I'm really feeling it!
I'm really feeling it!
Illustration for article titled NES Memories: iThe Addams Family/i

Yet another NES title based off of a movie, The Addams Family on the NES put you in the fancy shoes of Gomez Addams who has to save his family from Tully Alford, the family attorney who is hell-bent on taking their riches for himself.

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Of course, as a pre-teen I didn’t know any of that. I had seen The Addams Family animated series on TV, and at that age always gravitated towards video game characters that I found familiar.*

My parents weren’t particularly fond of the Addams, their odd behavior and spooky themes irked them much like it irked the Normanmeyers**, but after a few weeks of my asking for them to get me and my sister a copy of the game, they caved.

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The main draw of the game, aside from the familiar characters, was the non-linear gameplay. Gomez starts out at the big tree outside the house, and must find the front door key to gain access to the house. From there, he can go just about anywhere in the house he wants looking for his family.

Some family members were easily found (read: accessible after some devilish platforming) while others required certain items in order to be saved. For instance, to save Pugsley, Gomez needed to concoct a shrinking potion as his son had gotten stuck in his escape chute. To do this, he needed to collect the big blue egg from the top of the tree, some fog from a fog machine on the roof of the house, and a bone from the crypt on the opposite end of the garden.

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Sound simple enough? To access the tree, you needed the wooden key found in Wednesday’s room, which was guarded by killer headless dolls. To access the attic, which leads to the roof, you need to rescue Wednesday from the freezer and take her into the furnace, thawing her out and prompting her to give you the attic key so you can access the fog machine on the roof.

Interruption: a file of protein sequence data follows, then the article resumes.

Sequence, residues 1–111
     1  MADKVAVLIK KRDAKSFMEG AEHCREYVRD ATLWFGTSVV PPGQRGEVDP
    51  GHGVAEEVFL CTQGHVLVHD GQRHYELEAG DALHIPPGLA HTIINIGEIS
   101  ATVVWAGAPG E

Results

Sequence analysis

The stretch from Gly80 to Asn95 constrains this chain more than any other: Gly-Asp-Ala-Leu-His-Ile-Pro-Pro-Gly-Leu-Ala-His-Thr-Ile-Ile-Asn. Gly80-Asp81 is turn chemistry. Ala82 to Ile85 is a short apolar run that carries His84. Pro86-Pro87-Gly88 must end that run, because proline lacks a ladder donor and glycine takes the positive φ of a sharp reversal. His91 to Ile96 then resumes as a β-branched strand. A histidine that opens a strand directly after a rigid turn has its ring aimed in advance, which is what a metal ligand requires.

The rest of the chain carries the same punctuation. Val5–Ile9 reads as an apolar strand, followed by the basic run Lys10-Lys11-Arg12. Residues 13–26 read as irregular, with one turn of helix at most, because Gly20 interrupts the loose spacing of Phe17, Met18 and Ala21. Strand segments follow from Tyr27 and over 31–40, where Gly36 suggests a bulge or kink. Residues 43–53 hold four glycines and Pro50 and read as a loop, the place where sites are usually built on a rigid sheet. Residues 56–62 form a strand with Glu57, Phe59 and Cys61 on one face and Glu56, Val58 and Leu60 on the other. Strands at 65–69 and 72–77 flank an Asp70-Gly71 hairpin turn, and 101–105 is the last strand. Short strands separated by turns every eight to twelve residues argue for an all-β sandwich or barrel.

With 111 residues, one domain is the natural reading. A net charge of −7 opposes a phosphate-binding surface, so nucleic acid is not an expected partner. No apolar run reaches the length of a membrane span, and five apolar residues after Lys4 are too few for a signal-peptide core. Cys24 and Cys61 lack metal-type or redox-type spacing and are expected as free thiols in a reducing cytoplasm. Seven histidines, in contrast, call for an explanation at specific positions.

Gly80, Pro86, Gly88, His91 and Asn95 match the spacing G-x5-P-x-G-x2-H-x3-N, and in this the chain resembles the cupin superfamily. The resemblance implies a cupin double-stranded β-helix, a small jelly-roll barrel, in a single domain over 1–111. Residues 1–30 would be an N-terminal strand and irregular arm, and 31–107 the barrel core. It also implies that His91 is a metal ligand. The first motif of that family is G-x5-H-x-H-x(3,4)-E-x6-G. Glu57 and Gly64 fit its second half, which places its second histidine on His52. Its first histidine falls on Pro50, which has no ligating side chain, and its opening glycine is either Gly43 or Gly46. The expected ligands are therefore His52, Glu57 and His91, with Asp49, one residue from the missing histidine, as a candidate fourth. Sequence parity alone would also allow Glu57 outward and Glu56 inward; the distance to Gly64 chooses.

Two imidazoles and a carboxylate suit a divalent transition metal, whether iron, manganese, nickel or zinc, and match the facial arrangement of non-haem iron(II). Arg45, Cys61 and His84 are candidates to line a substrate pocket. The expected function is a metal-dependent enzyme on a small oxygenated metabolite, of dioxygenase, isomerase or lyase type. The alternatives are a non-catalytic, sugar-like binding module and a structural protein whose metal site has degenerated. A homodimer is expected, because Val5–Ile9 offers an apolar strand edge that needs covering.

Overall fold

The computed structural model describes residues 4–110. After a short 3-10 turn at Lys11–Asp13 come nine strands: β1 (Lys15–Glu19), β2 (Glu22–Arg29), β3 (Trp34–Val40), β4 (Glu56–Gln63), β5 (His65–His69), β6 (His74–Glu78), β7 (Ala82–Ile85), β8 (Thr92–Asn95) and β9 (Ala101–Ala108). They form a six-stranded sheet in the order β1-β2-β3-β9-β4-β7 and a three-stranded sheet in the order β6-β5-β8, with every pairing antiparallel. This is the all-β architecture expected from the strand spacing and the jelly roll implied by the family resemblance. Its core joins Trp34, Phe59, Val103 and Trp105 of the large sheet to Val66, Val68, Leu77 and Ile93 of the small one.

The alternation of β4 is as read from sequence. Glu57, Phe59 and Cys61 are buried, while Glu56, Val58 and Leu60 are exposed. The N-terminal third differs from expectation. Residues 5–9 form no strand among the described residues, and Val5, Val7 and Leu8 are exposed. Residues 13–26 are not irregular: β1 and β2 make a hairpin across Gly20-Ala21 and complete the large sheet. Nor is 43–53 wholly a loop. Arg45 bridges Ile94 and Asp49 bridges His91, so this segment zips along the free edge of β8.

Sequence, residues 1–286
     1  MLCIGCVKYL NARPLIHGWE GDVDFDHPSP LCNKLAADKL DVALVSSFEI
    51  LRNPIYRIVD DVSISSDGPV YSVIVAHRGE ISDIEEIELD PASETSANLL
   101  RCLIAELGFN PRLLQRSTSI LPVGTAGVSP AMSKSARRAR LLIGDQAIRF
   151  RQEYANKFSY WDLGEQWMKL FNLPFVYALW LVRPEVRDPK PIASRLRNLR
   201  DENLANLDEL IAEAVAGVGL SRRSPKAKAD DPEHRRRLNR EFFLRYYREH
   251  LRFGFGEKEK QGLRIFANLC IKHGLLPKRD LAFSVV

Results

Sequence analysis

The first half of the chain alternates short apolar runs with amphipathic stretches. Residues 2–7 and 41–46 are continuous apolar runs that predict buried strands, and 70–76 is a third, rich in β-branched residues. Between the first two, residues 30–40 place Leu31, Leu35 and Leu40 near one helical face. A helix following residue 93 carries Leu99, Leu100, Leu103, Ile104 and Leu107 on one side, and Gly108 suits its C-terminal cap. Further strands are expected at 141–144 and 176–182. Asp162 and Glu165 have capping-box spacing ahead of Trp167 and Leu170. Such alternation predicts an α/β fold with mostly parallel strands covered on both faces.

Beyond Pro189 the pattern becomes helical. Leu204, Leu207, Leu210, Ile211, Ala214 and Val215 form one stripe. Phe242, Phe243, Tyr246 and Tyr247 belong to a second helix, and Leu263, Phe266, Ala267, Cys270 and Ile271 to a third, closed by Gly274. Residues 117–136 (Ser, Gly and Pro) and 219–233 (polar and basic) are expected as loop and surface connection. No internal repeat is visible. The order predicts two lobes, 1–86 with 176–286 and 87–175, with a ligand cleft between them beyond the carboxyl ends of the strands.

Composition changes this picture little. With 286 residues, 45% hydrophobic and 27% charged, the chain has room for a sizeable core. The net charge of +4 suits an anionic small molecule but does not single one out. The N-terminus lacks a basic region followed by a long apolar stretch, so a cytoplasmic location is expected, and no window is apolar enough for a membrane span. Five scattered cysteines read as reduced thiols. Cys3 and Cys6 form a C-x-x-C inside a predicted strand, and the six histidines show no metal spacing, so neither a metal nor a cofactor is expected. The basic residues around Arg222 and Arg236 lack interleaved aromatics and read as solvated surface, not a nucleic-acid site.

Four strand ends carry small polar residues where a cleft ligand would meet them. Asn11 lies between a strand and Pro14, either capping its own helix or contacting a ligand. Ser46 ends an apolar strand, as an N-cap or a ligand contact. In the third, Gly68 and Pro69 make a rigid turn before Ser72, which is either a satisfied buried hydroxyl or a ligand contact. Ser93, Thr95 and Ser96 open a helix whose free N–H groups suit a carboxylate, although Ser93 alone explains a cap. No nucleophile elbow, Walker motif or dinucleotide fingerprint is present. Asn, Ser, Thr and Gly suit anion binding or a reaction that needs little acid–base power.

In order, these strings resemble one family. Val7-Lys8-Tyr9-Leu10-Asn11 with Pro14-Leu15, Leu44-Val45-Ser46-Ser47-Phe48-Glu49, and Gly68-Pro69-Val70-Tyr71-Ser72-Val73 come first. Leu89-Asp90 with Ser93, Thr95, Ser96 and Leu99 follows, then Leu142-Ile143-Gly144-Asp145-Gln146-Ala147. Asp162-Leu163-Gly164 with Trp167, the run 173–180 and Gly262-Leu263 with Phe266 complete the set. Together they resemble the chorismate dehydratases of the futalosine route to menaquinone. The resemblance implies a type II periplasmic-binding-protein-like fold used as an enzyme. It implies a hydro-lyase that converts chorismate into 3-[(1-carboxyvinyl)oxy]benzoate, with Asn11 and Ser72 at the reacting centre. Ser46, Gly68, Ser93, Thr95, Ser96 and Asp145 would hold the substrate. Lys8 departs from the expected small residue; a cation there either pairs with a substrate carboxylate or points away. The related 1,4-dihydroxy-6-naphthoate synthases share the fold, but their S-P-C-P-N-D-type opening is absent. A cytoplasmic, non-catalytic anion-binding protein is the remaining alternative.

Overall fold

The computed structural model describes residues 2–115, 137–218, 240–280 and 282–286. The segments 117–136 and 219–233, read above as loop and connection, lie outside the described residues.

If you rushed off to the roof before rescuing Granny from the furnace, you would find only a broken fog machine. Did I mention that you need to swim to the bottom of the pond, accessible after finding Lurch and giving him a specific manuscript to play on the piano in the ballroom, to find Granny’s wrench so she could fix the fog machine?

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Once you had an idea where all of these things were, you could prioritize your run and avoid a lot of backtracking - like making sure you get the bone while you were retrieving the front door key from the crypt, making sure you get the snorkel (which you needed to swim in the lake without taking damage) on your way to retrieve the wooden key, and so on.

I guess in a way, The Addams Family had some Metroidvania flavor to it. I wouldn’t call it a Metroidvania, but the non-linearity evoked that sort of feel.

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I don’t remember many games back then playing quite like The Addams Family did, giving you an entire house to explore with items to find and puzzles to solve.


Did you ever play The Addams Family? What did your parents think of them? Who was your favorite? Let me know in the comments!

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*This kind of contrasts with The Goonies, I had no idea who they were!

**The Addams’ normie neighbors in the animated series

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